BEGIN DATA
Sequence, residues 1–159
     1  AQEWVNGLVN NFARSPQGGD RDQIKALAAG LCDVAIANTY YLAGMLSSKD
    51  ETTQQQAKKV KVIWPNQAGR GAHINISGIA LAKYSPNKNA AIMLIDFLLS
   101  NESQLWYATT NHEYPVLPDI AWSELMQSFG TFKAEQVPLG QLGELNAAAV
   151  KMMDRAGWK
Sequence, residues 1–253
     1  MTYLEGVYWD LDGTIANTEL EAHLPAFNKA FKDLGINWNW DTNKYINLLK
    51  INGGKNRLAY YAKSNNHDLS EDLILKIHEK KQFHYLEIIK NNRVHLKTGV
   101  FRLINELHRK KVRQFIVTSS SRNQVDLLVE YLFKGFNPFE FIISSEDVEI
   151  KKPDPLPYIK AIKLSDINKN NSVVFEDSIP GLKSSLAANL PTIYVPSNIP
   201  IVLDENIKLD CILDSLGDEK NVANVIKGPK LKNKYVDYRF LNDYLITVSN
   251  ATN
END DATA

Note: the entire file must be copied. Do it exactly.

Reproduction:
Sequence, residues 1–159
     1  AQEWVNGLVN NFARSPQGGD RDQIKALAAG LCDVAIANTY YLAGMLSSKD
    51  ETTQQQAKKV KVIWPNQAGR GAHINISGIA LAKYSPNKNA AIMLIDFLLS
   101  NESQLWYATT NHEYPVLPDI AWSELMQSFG TFKAEQVPLG QLGELNAAAV
   151  KMMDRAGWK
Sequence, residues 1–253
     1  MTYLEGVYWD LDGTIANTEL EAHLPAFNKA FKDLGINWNW DTNKYINLLK
    51  INGGKNRLAY YAKSNNHDLS EDLILKIHEK KQFHYLEIIK NNRVHLKTGV
   101  FRLINELHRK KVRQFIVTSS SRNQVDLLVE YLFKGFNPFE FIISSEDVEI
   151  KKPDPLPYIK AIKLSDINKN NSVVFEDSIP GLKSSLAANL PTIYVPSNIP
   201  IVLDENIKLD CILDSLGDEK NVANVIKGPK LKNKYVDYRF LNDYLITVSN
   251  ATN